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Hi, I’m Brad Feld, a managing director at the Foundry Group who lives in Boulder, Colorado. I invest in software and Internet companies around the US, run marathons and read a lot.

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Up To Date Local Data (or not)

Comments (9)

My partner Jason just told me about a Google Local search experience he and Ryan McIntyre just had. They were out last weekend guitar shopping. Jason is looking for a custom shop Gibson ES-335 and can’t find one anywhere. (If you know where to find one, please email me.) They had planned a day of hitting every guitar store in Denver. On Google local, they found a listing for Cadillac Guitars. It was near the Denver Guitar Center, so they decided to visit it.

They went to the address, but instead of a guitar shop, they found Rupps Drums. They figured that they must have made a mistake, because clearly this store had been around a while. After driving around the block and checking the web again, they were clueless and decided to go into the drum store. They asked about Cadillac Guitars and were informed that they moved out over 15 years ago.

15 years ago? Bad data – oops. Now – I can’t bash Google because Judy’s Book shows the same listing, as does Yahoo, as does Yelp, as does …  Someone needs to run a dedupe algorithm on addresses – oh – and fix the underlying data that everyone is using to seed their databases.

  • http://mattishness.blogspot.com/2007/02/agile-deve mathew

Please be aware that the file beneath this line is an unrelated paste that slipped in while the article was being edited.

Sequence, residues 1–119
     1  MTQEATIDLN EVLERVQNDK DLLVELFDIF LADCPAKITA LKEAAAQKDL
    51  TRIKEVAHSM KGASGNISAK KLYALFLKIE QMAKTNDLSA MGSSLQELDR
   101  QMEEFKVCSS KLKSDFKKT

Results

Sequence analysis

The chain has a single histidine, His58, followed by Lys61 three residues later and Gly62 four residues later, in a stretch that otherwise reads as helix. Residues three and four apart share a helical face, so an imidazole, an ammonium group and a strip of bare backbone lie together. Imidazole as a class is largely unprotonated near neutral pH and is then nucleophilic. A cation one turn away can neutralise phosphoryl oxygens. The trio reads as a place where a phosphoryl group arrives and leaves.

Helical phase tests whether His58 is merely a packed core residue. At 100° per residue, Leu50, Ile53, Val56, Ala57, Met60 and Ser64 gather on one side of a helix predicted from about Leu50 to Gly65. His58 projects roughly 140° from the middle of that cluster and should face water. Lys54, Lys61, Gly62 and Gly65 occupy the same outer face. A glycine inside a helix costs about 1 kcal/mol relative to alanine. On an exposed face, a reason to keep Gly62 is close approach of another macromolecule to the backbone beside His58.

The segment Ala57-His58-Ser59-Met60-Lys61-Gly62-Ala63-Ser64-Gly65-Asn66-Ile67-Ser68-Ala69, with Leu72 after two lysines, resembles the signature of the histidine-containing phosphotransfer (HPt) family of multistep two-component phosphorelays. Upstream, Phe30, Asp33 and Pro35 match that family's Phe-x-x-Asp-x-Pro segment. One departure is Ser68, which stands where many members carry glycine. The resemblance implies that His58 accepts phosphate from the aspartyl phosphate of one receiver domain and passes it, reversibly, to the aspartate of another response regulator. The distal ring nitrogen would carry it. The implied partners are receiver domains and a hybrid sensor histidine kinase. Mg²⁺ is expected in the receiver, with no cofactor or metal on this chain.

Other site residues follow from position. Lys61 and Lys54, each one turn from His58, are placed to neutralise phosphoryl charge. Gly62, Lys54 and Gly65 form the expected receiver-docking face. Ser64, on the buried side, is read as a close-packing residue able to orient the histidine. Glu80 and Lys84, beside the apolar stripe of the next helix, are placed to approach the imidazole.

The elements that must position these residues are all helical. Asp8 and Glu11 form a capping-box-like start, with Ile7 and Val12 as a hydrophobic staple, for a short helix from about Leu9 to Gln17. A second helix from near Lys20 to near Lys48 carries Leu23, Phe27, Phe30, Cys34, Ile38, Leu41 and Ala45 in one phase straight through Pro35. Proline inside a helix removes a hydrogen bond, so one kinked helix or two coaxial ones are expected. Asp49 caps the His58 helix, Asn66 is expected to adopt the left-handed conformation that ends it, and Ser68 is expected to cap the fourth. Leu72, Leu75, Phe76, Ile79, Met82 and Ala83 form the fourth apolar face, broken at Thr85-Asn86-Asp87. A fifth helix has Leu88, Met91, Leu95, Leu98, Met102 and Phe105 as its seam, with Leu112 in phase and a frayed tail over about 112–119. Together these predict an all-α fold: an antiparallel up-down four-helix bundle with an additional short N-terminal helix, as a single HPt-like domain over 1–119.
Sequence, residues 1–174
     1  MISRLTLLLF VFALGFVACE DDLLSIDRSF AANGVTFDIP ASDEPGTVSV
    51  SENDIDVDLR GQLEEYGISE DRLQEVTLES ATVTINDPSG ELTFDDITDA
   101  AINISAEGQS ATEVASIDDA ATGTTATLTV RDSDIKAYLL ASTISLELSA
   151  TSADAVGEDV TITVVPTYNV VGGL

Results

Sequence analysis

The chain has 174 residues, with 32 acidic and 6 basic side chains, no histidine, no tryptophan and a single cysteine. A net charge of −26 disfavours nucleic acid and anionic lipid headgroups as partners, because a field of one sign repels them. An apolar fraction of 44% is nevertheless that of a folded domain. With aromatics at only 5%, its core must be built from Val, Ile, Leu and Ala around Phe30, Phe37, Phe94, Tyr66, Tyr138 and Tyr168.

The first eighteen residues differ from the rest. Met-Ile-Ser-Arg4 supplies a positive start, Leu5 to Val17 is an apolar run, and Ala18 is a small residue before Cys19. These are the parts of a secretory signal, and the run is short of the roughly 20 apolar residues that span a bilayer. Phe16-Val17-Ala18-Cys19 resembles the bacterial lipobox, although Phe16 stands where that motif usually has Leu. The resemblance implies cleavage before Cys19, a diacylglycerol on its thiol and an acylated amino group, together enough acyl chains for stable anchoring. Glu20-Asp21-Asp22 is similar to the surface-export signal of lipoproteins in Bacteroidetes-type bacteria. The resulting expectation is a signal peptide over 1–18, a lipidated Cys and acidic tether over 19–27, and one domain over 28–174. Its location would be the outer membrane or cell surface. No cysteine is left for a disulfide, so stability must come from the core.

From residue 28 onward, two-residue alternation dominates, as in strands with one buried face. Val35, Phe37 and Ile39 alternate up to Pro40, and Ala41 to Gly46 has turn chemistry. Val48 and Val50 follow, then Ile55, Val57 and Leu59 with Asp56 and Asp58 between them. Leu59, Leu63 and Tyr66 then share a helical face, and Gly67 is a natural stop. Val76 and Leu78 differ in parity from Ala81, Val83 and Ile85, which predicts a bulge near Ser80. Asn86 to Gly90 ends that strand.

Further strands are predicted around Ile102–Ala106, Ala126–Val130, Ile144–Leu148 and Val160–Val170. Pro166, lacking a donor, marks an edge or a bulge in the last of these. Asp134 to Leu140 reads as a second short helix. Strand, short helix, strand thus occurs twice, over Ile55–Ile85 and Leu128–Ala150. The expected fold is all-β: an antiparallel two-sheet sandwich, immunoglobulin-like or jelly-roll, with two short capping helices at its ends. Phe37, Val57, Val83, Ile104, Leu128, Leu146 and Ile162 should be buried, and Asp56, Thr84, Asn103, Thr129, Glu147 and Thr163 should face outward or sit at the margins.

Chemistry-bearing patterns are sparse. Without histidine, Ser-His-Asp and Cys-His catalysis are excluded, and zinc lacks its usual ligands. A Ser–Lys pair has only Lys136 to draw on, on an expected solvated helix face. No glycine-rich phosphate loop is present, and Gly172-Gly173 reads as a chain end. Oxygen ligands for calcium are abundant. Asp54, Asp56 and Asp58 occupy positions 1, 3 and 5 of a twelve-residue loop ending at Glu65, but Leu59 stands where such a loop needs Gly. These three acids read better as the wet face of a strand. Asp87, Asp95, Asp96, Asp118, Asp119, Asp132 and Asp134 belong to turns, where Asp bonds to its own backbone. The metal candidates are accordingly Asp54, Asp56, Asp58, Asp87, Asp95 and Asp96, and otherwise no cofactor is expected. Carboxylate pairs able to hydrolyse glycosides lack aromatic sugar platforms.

from experience, i am positive that yellow pages data providers, like, cough, axciom, know full well that the databases they sell by size contain listings in triplicate.

    after all, if the data was clean, they could only charge 1/3 as much. Oops!

  • http://www.naffziger.net/blog Dave Naffziger

    Ugh. I’m too familliar with the crappiness of this data. The two data providers have little incentive to improve their data quality (they come from the ‘consumer is secondary’ Yellow Pages world).

    I have to believe that the industry is ripe for disruption, but I haven’t figured out how it’ll be disrupted yet.

  • http://boulderrealty.blogspot.com Osman

    No kidding. Just yesterday I drove to a non existent carwash in Denver because Google said it was there. At least Google had an easy way to let them know the data was wrong. Speaking of which, I think the interface they’ve got going on Google Maps and other Googly places will encourage others to help correct the data. Still, Jimbo might be right. Search is broken.

  • http://direwolff.wordpress.com/ P-Air

    More likely you s/b blaming InfoUSA for this as I believe they supply many, if not most, of these sites w/their info. However, I’m still a bit surprised because they and Axciom keep up w/various sources for change of address info, newly incorporated businesses, bankruptcies and so on. Perhaps there’s some slippage and a small number of businesses changes fall through the cracks.

  • http://www.techsoapbox.com/ AhmedF

    It is simply impossible to keep up with every single business opening/move/closure.

  • http://www.feld.com Brad Feld